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Óbuda considers tax on ugly buildings

Banking

wikimedia commons

The local council of Óbuda, Budapest’s Third District, is discussing plans to introduce a tax on buildings that are considered to be aesthetically displeasing, now that building permits are no longer required for smaller structures, the online version of weekly HVG reported yesterday.

Archeological findings from the remains of Aquincum in Óbuda. (Photo: Wikimedia Commons/Civertan Grafikai Stúdió)

Under new rules, homes smaller than 300 sqm do not require building permits, only simple registration with the authorities. This rule change could result in a "deterioration of architectural quality and landscapes", a draft submitted to the local council by Third District Mayor Balázs Bús said, according to online news portal napi.hu.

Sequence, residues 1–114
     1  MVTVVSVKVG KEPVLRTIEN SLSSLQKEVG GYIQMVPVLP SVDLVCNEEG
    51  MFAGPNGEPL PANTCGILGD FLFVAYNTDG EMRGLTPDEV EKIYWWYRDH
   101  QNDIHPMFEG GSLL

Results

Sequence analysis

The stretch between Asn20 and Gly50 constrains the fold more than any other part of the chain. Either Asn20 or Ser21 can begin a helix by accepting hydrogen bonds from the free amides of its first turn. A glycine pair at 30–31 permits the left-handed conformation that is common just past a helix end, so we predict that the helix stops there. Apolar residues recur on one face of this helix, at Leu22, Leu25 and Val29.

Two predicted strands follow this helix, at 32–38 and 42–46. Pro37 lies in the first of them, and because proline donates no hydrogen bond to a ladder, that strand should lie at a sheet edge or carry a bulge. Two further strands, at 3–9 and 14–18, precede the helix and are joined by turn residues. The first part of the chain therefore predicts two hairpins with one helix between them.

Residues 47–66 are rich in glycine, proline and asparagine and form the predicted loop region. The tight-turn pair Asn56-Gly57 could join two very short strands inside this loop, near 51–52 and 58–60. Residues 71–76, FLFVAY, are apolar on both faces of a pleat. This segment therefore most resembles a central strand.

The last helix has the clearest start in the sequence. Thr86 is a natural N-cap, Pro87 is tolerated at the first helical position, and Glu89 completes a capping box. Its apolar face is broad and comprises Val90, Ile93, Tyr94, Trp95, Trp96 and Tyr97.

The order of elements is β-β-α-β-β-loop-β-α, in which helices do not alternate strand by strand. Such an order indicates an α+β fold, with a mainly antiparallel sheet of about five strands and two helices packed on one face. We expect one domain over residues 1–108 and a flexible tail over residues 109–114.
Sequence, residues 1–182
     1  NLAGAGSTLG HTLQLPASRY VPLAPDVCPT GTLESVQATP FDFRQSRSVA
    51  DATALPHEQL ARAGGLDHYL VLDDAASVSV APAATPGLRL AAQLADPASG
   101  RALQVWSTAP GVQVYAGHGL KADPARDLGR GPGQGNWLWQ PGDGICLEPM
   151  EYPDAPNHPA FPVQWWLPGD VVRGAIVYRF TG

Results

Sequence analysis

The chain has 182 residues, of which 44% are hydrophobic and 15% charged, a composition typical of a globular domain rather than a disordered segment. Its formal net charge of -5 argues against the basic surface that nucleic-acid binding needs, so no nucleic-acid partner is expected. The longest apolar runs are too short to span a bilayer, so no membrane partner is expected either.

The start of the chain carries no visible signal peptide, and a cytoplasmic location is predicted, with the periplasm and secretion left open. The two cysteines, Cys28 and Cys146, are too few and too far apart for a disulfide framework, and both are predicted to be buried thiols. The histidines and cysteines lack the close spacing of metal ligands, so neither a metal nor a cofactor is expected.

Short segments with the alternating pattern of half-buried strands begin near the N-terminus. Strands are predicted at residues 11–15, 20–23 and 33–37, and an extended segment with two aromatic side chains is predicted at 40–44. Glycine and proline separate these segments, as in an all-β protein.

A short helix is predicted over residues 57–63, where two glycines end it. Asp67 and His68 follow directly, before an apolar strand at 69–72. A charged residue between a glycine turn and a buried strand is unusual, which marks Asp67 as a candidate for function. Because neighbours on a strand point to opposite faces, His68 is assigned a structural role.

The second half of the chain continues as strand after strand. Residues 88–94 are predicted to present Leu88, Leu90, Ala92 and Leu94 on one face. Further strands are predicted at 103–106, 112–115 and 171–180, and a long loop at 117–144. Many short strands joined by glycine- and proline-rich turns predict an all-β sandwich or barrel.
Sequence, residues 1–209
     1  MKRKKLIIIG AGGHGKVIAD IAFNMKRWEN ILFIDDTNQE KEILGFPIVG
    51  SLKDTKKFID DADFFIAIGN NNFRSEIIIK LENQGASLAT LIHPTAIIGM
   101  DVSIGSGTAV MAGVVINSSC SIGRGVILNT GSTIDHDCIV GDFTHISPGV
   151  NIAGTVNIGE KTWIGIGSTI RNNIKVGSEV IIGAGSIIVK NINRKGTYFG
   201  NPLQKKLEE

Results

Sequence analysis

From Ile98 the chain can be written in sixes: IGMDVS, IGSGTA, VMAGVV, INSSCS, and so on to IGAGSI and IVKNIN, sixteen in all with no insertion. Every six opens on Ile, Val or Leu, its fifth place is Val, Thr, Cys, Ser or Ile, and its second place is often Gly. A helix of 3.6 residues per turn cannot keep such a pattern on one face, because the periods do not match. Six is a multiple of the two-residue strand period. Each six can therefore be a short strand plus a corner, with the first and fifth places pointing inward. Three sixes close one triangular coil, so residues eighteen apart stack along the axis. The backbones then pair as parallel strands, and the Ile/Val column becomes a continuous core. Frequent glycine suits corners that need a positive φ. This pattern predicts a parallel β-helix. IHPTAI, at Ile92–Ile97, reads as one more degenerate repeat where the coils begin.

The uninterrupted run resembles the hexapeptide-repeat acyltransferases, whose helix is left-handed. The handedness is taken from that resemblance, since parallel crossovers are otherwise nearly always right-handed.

If approved, a tax in the amount of HUF 500,000 would be introduced in the District Three for deviating from local building rules, yet to be drawn up. The tax may have an easy time passing, as Parliament two years ago passed legislation essentially giving local councils the right to levy any kind of tax they want.

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